Friday, May 31, 2024

Schizophrenia Associated With Bone Fragility and Fracture Risk

A comprehensive review and meta-analysis published in Translational Psychiatry has affirmed that individuals with schizophrenia have more fragile bones than those without the disorder, which carries an increased risk of fractures.

“Our findings regarding poor bone health in people with schizophrenia are concerning, given previous studies have indicated that this population experiences more adverse events following a fracture event, including longer length of hospitalization, higher risk of adverse perioperative events and acute post-operative complications, and in turn increased healthcare costs,” wrote Behnaz Azimi Manavi, Ph.D., of Deakin University in Geelong, Australia, and colleagues. “[I]t is not unrealistic to suggest that poorer outcomes associated with bone fragility contribute to the higher mortality rate in this population.”

Manavi and colleagues examined data from 29 studies that compared markers of osteoporosis in adults with schizophrenia with those of adults without the disorder; this included studies assessing bone mineral density, bone quality (strength and stiffness), bone turnover (the rate new bone is laid down and old bone removed), and/or risk of fracture. The studies encompassed 52,246 adults with schizophrenia along with over 4 million control individuals.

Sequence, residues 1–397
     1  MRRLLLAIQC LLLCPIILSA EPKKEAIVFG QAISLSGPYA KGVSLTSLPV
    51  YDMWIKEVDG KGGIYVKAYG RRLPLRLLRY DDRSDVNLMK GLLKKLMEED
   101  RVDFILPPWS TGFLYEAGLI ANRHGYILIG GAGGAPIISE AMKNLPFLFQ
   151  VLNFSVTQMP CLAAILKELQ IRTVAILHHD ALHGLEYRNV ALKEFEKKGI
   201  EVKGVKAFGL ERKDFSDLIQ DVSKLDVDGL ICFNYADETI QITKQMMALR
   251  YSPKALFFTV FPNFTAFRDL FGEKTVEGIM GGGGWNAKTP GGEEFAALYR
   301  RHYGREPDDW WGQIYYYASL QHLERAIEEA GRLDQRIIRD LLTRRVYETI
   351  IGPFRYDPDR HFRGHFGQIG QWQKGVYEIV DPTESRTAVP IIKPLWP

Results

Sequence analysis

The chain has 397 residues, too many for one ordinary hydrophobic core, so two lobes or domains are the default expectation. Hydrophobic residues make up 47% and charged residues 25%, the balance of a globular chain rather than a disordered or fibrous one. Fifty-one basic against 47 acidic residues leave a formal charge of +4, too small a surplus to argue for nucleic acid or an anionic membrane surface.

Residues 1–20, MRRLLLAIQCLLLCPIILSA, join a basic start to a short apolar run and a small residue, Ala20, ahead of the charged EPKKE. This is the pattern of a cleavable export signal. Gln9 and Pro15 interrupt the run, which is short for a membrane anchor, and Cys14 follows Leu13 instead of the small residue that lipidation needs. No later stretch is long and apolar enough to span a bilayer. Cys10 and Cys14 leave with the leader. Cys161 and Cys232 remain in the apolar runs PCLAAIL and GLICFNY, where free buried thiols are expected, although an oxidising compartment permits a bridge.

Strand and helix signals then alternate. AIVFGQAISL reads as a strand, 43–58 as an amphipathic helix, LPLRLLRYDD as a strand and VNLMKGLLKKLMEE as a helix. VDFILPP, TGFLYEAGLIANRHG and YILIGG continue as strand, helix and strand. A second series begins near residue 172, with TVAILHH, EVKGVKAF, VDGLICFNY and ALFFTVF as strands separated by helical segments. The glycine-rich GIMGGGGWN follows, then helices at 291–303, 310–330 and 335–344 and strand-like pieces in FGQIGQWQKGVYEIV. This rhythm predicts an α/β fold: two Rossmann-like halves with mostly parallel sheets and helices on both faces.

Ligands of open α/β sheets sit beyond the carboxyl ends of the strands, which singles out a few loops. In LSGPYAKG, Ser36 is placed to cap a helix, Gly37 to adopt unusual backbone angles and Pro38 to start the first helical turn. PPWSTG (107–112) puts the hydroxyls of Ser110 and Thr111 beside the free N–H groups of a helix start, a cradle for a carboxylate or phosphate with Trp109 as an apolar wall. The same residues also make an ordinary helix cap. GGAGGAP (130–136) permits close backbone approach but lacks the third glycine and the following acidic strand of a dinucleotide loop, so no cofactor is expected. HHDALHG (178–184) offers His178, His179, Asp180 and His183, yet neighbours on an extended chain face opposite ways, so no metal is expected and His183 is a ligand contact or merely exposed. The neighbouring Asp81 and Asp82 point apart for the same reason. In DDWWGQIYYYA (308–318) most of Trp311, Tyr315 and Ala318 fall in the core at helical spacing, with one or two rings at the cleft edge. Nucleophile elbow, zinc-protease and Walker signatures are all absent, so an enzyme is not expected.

In total, the study data indicated that adults with schizophrenia have lower bone density (particularly at the hip), poorer bone quality, and higher rates of bone turnover; no significant differences between males and females were identified. A meta-analysis of seven studies that included fracture data found that adults with schizophrenia have a 32% increased risk of fracture, after adjusting for potential biases, again with no risk difference between males and females.

Manavi and colleagues noted that since schizophrenia is associated with premature mortality and the risks of osteoporosis increase with age, their findings may underestimate the true burden of schizophrenia on bone health in older adults.

“Further research is needed to evaluate the etiology of bone fragility in this population and recognize modifiable risk factors such as lifestyle or medications to reduce the potential risk for this patient group. Importantly, there is a need to develop guidelines for preventing risk factors and predicting fracture in people with schizophrenia,” they concluded.

For related information, see the Psychiatric News article “Study Calculates Disability Caused by Schizophrenia.”

(Image: Getty Images/iStock/Fertnig)

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